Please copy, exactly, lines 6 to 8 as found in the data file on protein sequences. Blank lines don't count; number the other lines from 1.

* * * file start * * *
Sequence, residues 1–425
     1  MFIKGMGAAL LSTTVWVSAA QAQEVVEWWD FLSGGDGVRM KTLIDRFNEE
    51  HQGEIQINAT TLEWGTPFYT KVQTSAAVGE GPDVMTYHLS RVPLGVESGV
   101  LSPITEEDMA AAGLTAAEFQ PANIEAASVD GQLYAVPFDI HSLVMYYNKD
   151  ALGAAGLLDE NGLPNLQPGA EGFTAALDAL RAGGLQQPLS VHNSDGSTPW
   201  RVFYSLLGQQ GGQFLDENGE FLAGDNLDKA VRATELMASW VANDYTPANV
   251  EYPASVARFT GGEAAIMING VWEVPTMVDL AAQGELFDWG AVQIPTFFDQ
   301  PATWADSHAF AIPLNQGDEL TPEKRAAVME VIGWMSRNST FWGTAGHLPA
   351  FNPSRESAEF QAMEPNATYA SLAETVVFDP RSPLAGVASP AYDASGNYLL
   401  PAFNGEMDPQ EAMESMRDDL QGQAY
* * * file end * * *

   201  RVFYSLLGQQ GGQFLDENGE FLAGDNLDKA VRATELMASW VANDYTPANV
   251  EYPASVARFT GGEAAIMING VWEVPTMVDL AAQGELFDWG AVQIPTFFDQ
   301  PATWADSHAF AIPLNQGDEL TPEKRAAVME VIGWMSRNST FWGTAGHLPA